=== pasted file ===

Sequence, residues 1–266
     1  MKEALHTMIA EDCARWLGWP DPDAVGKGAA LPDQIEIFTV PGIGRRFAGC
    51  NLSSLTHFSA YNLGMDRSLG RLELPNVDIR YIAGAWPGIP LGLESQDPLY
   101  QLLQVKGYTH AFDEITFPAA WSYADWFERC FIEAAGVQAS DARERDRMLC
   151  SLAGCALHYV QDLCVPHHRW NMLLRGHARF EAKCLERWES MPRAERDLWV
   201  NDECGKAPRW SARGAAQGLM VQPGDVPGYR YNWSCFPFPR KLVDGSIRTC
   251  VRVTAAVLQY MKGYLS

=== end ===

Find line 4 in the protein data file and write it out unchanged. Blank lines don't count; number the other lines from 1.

   101  QLLQVKGYTH AFDEITFPAA WSYADWFERC FIEAAGVQAS DARERDRMLC